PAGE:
Note that SNI is Apache HTTPD supported only and pitily can't be used on other services such as Mail Servers (SMTPS), (POP3S), (IMAPS) etc.
Older browsers did not have support for proper communication with WebServers supporting SNI communication, so for Websites whose aim is interoperatibility and large audience of Web clients still the preferrable way is to set up each VirtualHost under a separate IP, just like the good old days.

However Small and MidSized businesses could save some cash by not having to buy separate IPs for each Virtualhost, but just use SNI.
Besides that the people are relatively rarely using old browsers without SNI, so having clients with browsers not supporting SNI would certiainly be too rare. To recognize where a browser is having support for TLS or not is to check whether the Browser has support for TLS extension.

One requirement in order for SNI to work properly is to have registered domain because SNI works based on the requested ServerName by client.

On Debian GNU / Linux based distributions, you need to have Apache Webserver installed with enabled mod_ssl module:

 

linux:~# apt-get install –yes apache2

linux:~# a2enmod ssl

linux:~# /etc/init.d/apache2 restart


If you're not planning to get a trusted source certificate, especially if you're just a start-up business which is in process of testing the environment (you still did not ordered certificate via some domain registrar you might want to generate self signed certificate with openssl command and use that temporary:

 

linux:~# openssl req -x509 -nodes -days 365 -newkey rsa:2048 -keyout /etc/apache2/ssl/your-domain.com/apache.key –out /etc/apache2/ssl/your-domain.com/apache.crt

Here among the prompted questions you need the a Distinguished Name or a DN.
There are quite a few fields but you can leave some blank.
For some fields leave the default value,
If you enter '.', or press enter the field will be left blank.

—–
 

Country Name (2 letter code) [AU]:BG
State or Province Name (full name) [Some-State]: Sofia
Locality Name (eg, city) []:SOF
Organization Name (eg, company) [Internet Widgits Pty Ltd]:Pc-Freak.NET
Organizational Unit Name (eg, section) []:
Common Name (e.g. server FQDN or YOUR name) []:your-domain.com                
Email Address []:webmaster@your-domain.com

 


(by the way it might be interesting to mention here the list of cheapest domain name registrars on the Internet as of January 2017 – source site here

 

Below order is given as estimated by price /  quality and provided service approximate

 

1. BlueHost.com – Domains $6.95

2. NameCheap.Com – Annual fee $10.69

3. GoDaddy.com – Annual fee $8.99 for first year, $14.99$ for each additional year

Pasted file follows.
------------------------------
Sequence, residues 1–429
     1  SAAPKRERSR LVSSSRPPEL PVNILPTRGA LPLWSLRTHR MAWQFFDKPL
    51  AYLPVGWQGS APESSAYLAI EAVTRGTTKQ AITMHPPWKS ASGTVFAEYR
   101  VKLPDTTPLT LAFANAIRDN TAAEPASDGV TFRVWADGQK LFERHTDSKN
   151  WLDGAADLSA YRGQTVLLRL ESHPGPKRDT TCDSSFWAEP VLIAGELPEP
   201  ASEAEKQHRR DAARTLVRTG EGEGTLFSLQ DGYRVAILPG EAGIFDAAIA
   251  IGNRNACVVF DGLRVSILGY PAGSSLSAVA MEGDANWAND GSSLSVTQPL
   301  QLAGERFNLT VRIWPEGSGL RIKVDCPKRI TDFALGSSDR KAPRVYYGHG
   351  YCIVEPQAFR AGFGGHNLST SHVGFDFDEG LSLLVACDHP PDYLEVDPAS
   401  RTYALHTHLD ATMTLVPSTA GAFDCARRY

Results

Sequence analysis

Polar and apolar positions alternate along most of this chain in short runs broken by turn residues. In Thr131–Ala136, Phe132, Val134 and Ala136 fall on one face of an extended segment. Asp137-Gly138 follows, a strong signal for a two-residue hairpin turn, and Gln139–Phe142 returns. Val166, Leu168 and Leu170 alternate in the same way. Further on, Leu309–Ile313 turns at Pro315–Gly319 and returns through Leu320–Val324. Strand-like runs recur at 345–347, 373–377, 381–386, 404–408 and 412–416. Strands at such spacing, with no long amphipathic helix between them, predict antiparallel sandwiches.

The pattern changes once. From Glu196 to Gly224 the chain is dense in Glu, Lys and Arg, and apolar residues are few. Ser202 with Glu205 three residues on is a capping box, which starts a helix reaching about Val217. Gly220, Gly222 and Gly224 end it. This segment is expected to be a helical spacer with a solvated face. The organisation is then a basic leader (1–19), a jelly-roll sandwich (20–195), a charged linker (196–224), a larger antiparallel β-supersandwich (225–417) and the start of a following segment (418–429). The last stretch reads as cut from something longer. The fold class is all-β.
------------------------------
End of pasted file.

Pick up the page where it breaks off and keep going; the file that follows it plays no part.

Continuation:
4. HostGator.com – Annual fee $15.00

5. 1and1.com – Annual fee $0.99 for first year ($14.99 for each additional year)

6. Network Solutions – This was historically one of the first domain registrar companies, but the brand is pricy $34.99

7. Register.com – Not sure

8. Hostway.com – $9.95 (first year and $9.95 renewals)

9. Moniker.com – Annual fee $11.99

10. Netfirms.ca – Annual fee $9.95 first year, Renewal fee is $11.99 per year

 

Note that domain pricing could value depending on the type of domain name country extension and many of the domain registrars would give you discount if you purchase domain name / SSL for 2 / 3+ years.

sni-illustrated-how-it-works-how-to-configure-multiple-domains-ssl-on-same-ip-apache-webserver

Next step in order to use SNI is to configure the WebServer Virtualhosts file:

 

linux:~# vim /etc/apache2/sites-available/domain-names.com

 

# Instruct Apache to listen for connections on port 443
Listen 443
# Listen for virtual host requests on all IP addresses
NameVirtualHost *:443

# Go ahead and accept connections for these vhosts
# from non-SNI clients
SSLStrictSNIVHostCheck off

<VirtualHost *:80>
        ServerAdmin webmaster@your-domain.com
        ServerName your-domain.com
        DocumentRoot /var/www

# More directives comes here

</VirtualHost>


<VirtualHost *:443>

        ServerAdmin webmaster@localhost
        ServerName your-domain.com
        DocumentRoot /var/www

        #   SSL Engine Switch:
        #   Enable/Disable SSL for this virtual host.
        SSLEngine on

        #   A self-signed (snakeoil) certificate can be created by installing
        #   the ssl-cert package. See
        #   /usr/share/doc/apache2.2-common/README.Debian.gz for more info.
        #   If both key and certificate are stored in the same file, only the
        #   SSLCertificateFile directive is needed.
        SSLCertificateFile /etc/apache2/ssl/your-domain.com/apache.crt
        SSLCertificateKeyFile /etc/apache2/ssl/your-domain.com/apache.key

# More Apache directives could be inserted here
</VirtualHost>

 

<VirtualHost *:443>
  DocumentRoot /var/www/sites/your-domain2
  ServerName www.your-domain2.com

  # Other directives here

</VirtualHost>

Add as many of the SNI enabled VirtualHosts following the example below, or if you prefer seperate the vhosts into separate domains.

I also recommend to check out Apache's official documentation on SNI for NameBasedSSLVhostsWithSNI etc.


Hope this article was not too boring 🙂
Enjoy life